Abstract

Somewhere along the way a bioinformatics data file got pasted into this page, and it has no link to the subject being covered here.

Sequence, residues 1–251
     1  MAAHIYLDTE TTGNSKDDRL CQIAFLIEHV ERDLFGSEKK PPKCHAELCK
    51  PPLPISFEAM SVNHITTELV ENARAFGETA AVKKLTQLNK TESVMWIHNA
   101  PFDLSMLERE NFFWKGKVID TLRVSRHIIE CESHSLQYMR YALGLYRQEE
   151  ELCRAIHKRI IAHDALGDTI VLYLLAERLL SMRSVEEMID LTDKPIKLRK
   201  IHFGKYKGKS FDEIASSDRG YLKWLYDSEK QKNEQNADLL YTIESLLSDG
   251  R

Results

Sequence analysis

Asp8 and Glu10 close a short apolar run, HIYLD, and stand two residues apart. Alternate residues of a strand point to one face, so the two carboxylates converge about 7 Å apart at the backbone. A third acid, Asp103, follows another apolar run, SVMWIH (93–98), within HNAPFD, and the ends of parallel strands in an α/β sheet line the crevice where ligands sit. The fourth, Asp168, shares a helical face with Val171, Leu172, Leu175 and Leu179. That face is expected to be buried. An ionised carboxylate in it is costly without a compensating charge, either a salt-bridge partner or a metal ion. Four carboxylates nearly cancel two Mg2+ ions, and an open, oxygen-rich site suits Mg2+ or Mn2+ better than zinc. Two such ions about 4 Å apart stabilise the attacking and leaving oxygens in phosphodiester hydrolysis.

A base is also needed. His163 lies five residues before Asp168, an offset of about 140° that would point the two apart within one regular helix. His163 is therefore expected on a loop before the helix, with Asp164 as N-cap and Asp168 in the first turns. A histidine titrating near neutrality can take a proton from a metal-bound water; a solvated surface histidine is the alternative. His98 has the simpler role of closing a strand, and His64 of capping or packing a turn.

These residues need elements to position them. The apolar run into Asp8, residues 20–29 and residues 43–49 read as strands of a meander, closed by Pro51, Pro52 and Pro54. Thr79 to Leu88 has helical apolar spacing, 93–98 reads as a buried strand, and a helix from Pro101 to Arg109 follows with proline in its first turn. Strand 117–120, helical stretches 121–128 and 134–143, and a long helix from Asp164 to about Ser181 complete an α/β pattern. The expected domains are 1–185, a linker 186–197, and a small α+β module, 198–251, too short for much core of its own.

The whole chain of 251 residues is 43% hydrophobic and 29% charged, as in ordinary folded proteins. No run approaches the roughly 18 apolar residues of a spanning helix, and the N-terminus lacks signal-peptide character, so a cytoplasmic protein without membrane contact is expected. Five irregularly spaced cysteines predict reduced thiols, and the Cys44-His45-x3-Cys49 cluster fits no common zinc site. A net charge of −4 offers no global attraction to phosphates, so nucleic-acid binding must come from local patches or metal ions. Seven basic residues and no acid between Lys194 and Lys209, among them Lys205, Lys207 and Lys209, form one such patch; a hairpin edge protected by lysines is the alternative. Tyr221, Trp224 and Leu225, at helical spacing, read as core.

The Equatorial Mid-Ocean Canyon is an erosional-depositional deep-sea channel which was formed by turbidity-current activity, was active during the Miocene, but is now a relict feature. The canyon parallels the Brazilian continental rise between 3°–5°S and 33°15′ to 28°W and descends eastward for at least 1,200 km with a gradient of 1:1,000. The canyon is 5 to 8 km wide and as much as 200 m deep. Although the bathymetric expression of the canyon on the sea floor begins at about 33°15′W, the canyon has been traced westward (up-slope) from this longitude in subsurface for at least 75 to 150 km. The trend of this buried portion of the canyon indicates that originally the head of the canyon was on the upper continental rise. The stratigraphic relationship between the canyon and a lower Miocene acoustic reflector of widespread regional extent suggests that the canyon formed during the late early Miocene period. Piston cores from the canyon floor, walls, and levees consist largely of pelagic foraminiferal marls and brown clays which indicate that the canyon has been inactive for at least the past million years. The exact time when the canyon became inactive is still uncertain, but it was probably middle to late Miocene. When active, the canyon channeled terrigenous sediments southeastward along the trend of the Fernando de Noronha Basin. The canyon apparently was abandoned and subsequently buried when the predominant direction of sediment dispersal shifted from southeastward along the Fernando de Noronha Basin to northeastward into the adjacent Guiana Basin, thus making the canyon path obsolete.

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